January 27 was International Holocaust Remembrance Day. The White House’s statement for the day did not mention Jews. Rather than admit a mistake, the White House has gone on to defend this glaring omission. I agree with Professor Deborah Lipstadt (the film Denial is the true story of her court victory against a Holocaust denier) that this is “softcore denial” of the Holocaust. On this same day, the President issued an executive order to ban Muslims from seven countries deemed a threat…and that did not include the countries where the 9-11 terrorists originated.
Within hours, individuals’ lives were turned upside down. People with green cards and visas from the seven countries were mid-flight when the order went into effect.
They landed in America but many were taken into detention. Word spread and Americans rose up in great numbers. A small crowd at JFK airport surged. Many gathered at airports around the country.
Sunday morning I learned of a local rally against the immigration ban. Though the President’s order had a stay placed on it Saturday night, there was (and is) still much confusion and suffering of innocent people. I posted the information on Facebook and sent many emails inviting people to attend the rally. As a Jew and a rabbi, this executive order hit me in the gut. We were refugees. How many Jews died because they could not find safe haven during WW II? The SS St. Louis was turned away in 1939 and many people on the ship died in the Holocaust.
America is a nation of immigrants. How can we shut people out based on their religion or nationality? That is unconstitutional, illegal and un-American. As the Rev. Martin Neimoler’s poem said—-first they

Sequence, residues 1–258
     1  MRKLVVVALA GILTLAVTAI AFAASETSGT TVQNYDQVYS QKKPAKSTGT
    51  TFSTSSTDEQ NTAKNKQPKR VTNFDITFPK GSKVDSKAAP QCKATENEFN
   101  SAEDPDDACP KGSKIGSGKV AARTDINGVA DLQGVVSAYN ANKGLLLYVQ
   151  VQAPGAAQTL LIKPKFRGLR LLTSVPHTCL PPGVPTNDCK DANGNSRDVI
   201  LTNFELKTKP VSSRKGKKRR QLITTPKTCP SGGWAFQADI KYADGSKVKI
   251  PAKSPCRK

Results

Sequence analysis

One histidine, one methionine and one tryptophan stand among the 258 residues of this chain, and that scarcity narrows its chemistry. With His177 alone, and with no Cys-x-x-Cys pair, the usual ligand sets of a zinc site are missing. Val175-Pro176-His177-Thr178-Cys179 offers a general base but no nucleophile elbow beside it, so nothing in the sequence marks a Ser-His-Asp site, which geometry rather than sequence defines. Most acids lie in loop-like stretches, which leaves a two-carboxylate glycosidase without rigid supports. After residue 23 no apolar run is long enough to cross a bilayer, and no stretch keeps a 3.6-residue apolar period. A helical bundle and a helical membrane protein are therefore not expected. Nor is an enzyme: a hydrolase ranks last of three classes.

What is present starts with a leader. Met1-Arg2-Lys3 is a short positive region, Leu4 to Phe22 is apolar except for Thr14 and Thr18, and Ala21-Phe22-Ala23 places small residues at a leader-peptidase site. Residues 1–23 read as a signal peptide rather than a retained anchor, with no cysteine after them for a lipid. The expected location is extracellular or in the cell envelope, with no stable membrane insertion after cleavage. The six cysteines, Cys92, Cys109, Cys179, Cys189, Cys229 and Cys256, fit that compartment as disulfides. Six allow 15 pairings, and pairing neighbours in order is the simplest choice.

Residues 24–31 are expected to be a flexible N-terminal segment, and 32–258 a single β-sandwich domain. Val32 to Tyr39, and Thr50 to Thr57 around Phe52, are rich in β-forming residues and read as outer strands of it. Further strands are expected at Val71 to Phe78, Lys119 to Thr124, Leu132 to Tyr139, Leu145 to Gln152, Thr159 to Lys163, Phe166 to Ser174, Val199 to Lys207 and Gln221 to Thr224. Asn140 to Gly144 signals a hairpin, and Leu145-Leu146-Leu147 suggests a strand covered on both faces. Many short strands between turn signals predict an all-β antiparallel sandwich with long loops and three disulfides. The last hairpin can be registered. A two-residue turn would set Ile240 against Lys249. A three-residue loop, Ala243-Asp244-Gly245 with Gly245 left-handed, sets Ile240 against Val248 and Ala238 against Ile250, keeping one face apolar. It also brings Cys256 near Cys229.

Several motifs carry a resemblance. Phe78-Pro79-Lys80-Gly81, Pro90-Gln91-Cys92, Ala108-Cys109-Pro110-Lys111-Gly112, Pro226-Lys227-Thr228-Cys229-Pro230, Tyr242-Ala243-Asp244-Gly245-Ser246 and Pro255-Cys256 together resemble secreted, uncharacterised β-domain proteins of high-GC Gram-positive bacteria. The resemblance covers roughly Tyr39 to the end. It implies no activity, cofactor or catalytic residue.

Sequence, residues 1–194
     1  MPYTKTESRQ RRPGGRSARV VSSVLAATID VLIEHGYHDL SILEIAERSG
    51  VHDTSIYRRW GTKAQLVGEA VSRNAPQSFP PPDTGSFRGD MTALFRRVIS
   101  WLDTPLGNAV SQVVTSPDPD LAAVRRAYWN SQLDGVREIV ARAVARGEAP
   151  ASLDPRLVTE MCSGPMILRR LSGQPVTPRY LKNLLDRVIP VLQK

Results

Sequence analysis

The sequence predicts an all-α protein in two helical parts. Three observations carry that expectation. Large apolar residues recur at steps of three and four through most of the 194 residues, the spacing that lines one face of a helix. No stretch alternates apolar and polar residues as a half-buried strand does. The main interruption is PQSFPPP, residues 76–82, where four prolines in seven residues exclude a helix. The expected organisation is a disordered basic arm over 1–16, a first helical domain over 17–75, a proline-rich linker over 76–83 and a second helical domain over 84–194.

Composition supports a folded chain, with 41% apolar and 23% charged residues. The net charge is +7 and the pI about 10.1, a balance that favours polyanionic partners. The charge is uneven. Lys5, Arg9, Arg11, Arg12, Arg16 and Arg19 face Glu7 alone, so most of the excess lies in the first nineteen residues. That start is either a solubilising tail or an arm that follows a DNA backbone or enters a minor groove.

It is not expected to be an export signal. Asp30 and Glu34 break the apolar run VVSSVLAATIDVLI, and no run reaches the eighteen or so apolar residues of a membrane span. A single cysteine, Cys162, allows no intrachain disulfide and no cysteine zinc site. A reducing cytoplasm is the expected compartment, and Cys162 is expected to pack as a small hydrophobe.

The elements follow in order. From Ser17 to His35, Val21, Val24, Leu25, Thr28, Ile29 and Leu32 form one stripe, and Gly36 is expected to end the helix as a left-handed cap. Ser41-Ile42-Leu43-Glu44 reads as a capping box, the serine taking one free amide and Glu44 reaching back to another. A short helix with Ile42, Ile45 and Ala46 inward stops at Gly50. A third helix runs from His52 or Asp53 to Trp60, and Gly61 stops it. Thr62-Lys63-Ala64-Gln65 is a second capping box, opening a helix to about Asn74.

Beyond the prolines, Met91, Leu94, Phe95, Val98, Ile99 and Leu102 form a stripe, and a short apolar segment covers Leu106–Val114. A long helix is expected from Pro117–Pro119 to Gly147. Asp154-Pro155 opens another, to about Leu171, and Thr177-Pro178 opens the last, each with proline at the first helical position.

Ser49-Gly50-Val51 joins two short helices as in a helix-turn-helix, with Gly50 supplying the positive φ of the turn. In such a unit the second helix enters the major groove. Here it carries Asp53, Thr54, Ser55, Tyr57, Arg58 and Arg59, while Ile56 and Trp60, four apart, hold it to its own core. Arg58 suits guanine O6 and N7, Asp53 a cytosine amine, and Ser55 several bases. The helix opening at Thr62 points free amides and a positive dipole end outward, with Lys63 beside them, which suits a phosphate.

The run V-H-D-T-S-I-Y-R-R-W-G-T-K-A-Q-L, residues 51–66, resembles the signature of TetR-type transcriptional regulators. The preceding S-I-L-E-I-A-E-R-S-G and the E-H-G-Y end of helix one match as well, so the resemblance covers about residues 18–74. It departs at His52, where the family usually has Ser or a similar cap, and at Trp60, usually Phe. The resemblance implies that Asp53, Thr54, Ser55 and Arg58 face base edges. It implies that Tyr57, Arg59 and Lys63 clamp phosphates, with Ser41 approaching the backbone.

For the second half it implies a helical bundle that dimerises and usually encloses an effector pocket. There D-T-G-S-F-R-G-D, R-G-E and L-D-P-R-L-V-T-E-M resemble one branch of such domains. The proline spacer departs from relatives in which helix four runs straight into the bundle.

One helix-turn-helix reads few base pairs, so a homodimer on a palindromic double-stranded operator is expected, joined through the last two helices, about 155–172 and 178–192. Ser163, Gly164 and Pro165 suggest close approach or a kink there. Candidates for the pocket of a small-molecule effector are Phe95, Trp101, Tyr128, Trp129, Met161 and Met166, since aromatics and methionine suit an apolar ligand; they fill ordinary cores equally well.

came for the socialists, and I didn’t stand up because I was not a socialist… in this case, first they came for the Muslims and this rabbi said “NO.”
I made a poster to bring to the rally (We are a nation of immigrants; Tzedek Tzedek Tirdof—Justice Justice you shall pursue; My People were refugees) and went to Elizabeth Sunday afternoon where the temple was well represented by the many members who were in attendance. The crowd quickly grew to the point where, when we in the front shouted a chant the back of the crowd didn’t know we had finished. There were many speakers. A rabbi spoke. An Imam spoke. An immigration lawyer spoke. The Mayor of Maplewood, a Sanctuary town, spoke. Our friend Senator Cory Booker spoke.
This is not the America I know as the land of the free and the brave. But the chants that inspired me at the Women’s March in DC also inspired me in Elizabeth. “Tell me what democracy looks like.” “This is what democracy looks like.”
The protests are making an impact. Our voices need to be heard. We can do this in person at rallies and we can let elected officials know how we feel with letters, emails, phone calls and visits. There are rallies in Paterson on Wednesday and Saturday at Paterson Great Falls Park.
It is crucial not to let the outrageous become normal. The Acting Attorney General, Sally Yates, was fired because she interpreted the immigration ban to be an illegal executive order. I admire her courage.
As news of the travel ban unfolded, I was spending time on Saturday afternoon with the Zakkours, the Syrian refugee family TBA has been helping for several months. Saturday night I would have liked to join the protests at JFK but was attending a Syria Supper Club at the home of temple members Barbara and Marc Schwartz. These dinners are cooked by a Syrian refugee who earns some money to help her family in addition to being a guest at the meal she prepared. Together, over a delicious meal, temple members and complete strangers became friends. The guests included Jews, Christians and Muslims who all want to help. Welcoming the stranger has been one of the most Jewish acts I’ve engaged in this year.